It’s 10:35pm on Thursday 22nd April 2013, two teenage boys are waiting for a bus at Well Hall Street, in
Eltham South West London. One of those boys, an aspiring young student called Stephen Lawrence,
would a few minutes later be on the floor bleeding with only a few moments of his promising young life
remaining. He had been set upon by a gang of white youths and fatally stabbed, for no reason other than
the colour of his skin.
The initial police response to his murder was as if it was just another in a succession of racially motivated
attacks which would go unsolved. They hadn’t factored in the dignity and determination of Doreen and
Neville Lawrence who would leave no stone unturned to seek justice for their son. And it would lead to
arguably the most high-profile case in the history of the Metropolitan police.
From the beginning 5 suspects were linked to the murder. It seemed obvious to the outside world
watching they had a strong case to answer. They were eventually arrested and brought to trial, but were
acquitted after the case collapsed due to “lack of evidence”. 2 years later a private prosecution also
collapsed after three of the suspects were found not guilty.
An inquest into the death of Stephen Lawrence was held in February 1997, in it the five suspects refused
to answer any questions for risk of self-incrimination. This did not deter the jury from returning a verdict
that Stephen was murdered "in a completely unprovoked racist attack by five white youths"; it was
specific in its finding and unusual as it went beyond the bounds of their instructions. The next day on 14
February 1997, the Daily Mail newspaper had as its front page heading "Murderers”, defying the 5
suspects to sue them if they are wrong. They declined.
A year later a public enquiry headed by Sir William Macpherson found that the police dealing with the
Stephen Lawrence investigation had been incompetent, corrupt and racist. Furthermore, the report
revealed the Metropolitan Police was institutionally racist, sending shock waves throughout the criminal
However, in 2003, a revision to the double jeopardy English law where a person cannot be tried twice for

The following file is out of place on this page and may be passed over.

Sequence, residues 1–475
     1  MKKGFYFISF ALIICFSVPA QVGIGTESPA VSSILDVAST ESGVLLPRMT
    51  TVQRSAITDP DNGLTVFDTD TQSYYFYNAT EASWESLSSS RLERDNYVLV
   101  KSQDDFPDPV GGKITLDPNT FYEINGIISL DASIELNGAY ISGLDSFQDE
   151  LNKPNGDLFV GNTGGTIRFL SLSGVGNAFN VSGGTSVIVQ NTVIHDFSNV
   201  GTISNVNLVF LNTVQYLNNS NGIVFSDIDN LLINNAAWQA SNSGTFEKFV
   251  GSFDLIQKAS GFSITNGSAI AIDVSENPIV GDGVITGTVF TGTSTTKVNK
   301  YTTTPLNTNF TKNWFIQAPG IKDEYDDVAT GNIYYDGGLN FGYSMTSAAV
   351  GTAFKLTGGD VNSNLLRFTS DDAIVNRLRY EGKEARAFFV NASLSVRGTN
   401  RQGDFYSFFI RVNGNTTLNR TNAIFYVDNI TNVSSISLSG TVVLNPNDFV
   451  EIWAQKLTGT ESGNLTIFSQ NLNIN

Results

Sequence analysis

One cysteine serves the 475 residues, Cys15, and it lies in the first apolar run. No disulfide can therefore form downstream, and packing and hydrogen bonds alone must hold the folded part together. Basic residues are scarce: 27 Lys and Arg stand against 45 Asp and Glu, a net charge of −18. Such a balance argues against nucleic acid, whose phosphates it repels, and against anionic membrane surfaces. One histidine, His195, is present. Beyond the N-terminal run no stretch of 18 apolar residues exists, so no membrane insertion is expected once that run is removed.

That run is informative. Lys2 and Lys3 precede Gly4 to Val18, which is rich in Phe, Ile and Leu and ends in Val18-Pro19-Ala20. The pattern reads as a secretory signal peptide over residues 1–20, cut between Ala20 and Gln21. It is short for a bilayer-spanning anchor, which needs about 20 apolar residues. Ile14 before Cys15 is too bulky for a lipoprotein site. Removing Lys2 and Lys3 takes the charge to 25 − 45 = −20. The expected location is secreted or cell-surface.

the same crime, determined that an exception would be made in the case of murder if fresh evidence came
to light. In the case of Gary Dobson this was the case and in September 2010 he and David Norris were
arrested and charged with the murder of Stephen Lawrence without publicity, with press restrictions to
protect the investigation and ensure a fair hearing.
On 3 January 2012, Dobson and Norris were found guilty of Lawrence's murder. It had taken the
Lawrence family 19 years to get finally get some kind of justice for Stephen.
Venue: The Stephen Lawrence Centre
Plaque Tribute: Stephen Lawrence Centre, 39 Brookmill Rd London, London SE8 4HU
Date: Tuesday 21th May
Time: 5:30 - 8pm
For more info email firstname.lastname@example.org
General Enquiries – Stephen Lawrence Trust – 020 8100 2800
Doreen Lawrence said: “2013 marks the 20th year since Stephen`s murder. Stephen will always hold a
special place in my family`s heart and others who were touched by his death. RIP Beloved”.
Joan Ruddick MP for Lewisham said: “The Stephen Lawrence story is one of heartbreak and gross
neglect which led to a fight for justice that has rarely seen its equal in this country. I am delighted his
memory is being honoured with a blue plaque ”.
Founder of the Nubian Jak Plaque Commemorative Plaque Scheme Jak Beula said: "The world
watched and saw the dignity and strength with which Doreen and Neville pursued justice for their son. It
is because of this that Stephen will never be forgotten. A promising light that still shines brightly even
though if only in spirit."
Cllr Steve Bullock Mayor for Lewisham said: “Sir Steve Bullock, Mayor of Lewisham, said "Stephen
Lawrence's death at the hands of racists and the failure to bring them to justice for so many years was a
tragedy but the determination of his family to turn that tragedy into something positive for future
generations has been astonishing. Now, twenty years on, it is right to celebrate his life with this plaque."
Cllr Jacqueline Burnett Vice Chair of Luton African Caribbean Community Development Forum
said: “Luton is going through one of its most violent phases in its history and our youth are at the heart
of the issues. They need encouragement. They need engagement. They need resources. The African
Caribbean Community Development Forum (ACCDF) is delighted to have had an opportunity to support
the 20th Anniversary plaque to commemorate Stephen Lawrence’s memory and legacy. It is our hope that
the link to Luton will encourage our youth to aim higher and fulfil ambitions or to use their talents for
employment or enterprise. This work of the Trust and its legacy gives us hope for Luton.”